The New York Times Company's new CEO, Mark Thompson, began work today amid questions about his role in the recent scandal at the BBC. Times columnist Joe Nocera gives us an update from inside the paper.
"Certainly Mark Thompson didn't have anything to do with the story that led to the resignation of the current director general of the BBC, which is really shocking in its lack of journalistic standards," Nocera says.
"In the case of Mark Thompson," Nocera says, "he's basically said that he did not know about the pedophilia by Jimmy Savile, who was a longtime BBC personality, and that he did not know that a story was in the works on him after he had died, and that had been killed."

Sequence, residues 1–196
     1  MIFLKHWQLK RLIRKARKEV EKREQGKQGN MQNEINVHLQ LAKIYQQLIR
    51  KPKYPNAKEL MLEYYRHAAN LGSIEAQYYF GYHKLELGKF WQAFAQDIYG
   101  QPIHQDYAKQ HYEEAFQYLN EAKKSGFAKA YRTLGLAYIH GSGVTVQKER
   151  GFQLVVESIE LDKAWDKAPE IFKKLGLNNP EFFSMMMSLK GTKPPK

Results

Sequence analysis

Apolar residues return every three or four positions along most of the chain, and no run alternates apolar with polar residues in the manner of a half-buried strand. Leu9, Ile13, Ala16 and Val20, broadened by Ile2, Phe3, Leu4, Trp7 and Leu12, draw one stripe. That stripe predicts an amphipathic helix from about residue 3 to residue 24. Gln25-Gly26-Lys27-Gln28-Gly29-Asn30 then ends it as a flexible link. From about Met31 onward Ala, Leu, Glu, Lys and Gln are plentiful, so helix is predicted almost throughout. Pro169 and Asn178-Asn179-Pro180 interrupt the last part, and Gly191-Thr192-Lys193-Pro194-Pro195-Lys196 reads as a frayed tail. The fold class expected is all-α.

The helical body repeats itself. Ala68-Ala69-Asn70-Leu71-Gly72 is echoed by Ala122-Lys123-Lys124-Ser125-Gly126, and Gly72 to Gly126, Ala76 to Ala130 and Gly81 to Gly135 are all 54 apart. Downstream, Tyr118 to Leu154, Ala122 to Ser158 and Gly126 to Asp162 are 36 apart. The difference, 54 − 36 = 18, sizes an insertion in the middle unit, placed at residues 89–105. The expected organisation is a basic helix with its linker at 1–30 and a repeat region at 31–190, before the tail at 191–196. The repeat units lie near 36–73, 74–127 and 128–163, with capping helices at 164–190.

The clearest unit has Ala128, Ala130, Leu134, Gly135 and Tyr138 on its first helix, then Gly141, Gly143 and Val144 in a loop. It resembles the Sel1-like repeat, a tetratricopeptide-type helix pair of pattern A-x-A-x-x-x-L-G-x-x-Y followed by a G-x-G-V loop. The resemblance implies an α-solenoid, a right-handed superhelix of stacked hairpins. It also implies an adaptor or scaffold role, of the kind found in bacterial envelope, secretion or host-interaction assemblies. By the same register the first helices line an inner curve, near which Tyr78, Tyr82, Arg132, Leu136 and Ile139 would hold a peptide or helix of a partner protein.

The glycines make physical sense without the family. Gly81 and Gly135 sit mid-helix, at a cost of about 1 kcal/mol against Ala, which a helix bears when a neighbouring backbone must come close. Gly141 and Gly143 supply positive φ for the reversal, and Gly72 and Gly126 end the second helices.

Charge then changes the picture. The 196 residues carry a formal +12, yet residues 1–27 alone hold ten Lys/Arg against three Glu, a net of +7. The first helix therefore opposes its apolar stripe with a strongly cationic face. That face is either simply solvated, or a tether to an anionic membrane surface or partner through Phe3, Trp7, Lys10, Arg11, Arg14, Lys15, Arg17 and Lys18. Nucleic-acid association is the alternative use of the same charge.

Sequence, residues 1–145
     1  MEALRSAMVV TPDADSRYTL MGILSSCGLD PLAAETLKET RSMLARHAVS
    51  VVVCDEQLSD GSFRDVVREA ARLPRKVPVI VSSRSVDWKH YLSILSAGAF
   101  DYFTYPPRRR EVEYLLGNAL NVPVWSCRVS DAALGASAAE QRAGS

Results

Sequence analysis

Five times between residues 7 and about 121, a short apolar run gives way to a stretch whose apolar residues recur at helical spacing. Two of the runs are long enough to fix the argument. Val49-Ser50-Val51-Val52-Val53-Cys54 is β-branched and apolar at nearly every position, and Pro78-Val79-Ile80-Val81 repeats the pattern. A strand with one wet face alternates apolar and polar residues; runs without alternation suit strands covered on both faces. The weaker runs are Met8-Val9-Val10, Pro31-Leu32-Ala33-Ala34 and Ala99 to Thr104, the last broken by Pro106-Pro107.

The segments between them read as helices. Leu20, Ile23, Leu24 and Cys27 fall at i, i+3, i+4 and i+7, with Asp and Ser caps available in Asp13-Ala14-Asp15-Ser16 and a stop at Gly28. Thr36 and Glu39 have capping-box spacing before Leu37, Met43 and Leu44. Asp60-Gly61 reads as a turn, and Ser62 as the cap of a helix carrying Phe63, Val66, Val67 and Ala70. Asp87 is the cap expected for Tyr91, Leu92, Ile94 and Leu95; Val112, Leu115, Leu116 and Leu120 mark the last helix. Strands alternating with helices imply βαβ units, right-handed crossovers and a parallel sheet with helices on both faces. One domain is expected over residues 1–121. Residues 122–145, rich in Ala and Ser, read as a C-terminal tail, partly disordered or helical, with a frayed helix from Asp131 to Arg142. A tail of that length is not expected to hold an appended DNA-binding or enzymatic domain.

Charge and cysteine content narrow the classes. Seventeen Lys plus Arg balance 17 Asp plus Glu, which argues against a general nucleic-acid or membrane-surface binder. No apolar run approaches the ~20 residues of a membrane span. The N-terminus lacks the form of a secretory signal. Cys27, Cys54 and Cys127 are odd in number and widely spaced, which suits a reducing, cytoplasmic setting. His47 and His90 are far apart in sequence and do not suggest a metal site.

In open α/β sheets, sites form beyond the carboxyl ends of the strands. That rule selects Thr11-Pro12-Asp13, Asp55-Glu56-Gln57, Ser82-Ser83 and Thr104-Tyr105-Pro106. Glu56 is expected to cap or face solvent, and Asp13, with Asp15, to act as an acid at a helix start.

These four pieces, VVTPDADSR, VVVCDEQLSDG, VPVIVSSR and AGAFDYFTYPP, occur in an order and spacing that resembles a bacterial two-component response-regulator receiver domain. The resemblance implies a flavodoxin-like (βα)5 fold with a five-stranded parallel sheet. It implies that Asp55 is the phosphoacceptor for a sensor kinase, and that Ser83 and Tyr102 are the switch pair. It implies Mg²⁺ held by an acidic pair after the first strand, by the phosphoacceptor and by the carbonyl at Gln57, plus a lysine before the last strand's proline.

The New York Times is taking him at his word, and has defended Thompson. But there will be a thorough investigation by Parliament. "There's a couple of Parliamentarians who really seem like they want to get Mark Thompson in their crosshairs," Nocera says. "So if he is not telling the truth, it will come out, and it will hurt the New York Times, for having invested so much in him."
"We're the New York Times, and we believe in the transparency of journalism," Nocera says. "I think people are trepidatious in the sense that they really want a CEO who can move the ball forward, who can help us figure out our business model issues, and who can help, you know, make this transition from paper to digital. The question of, 'Is this the guy?' I think looms large in everybody's mind."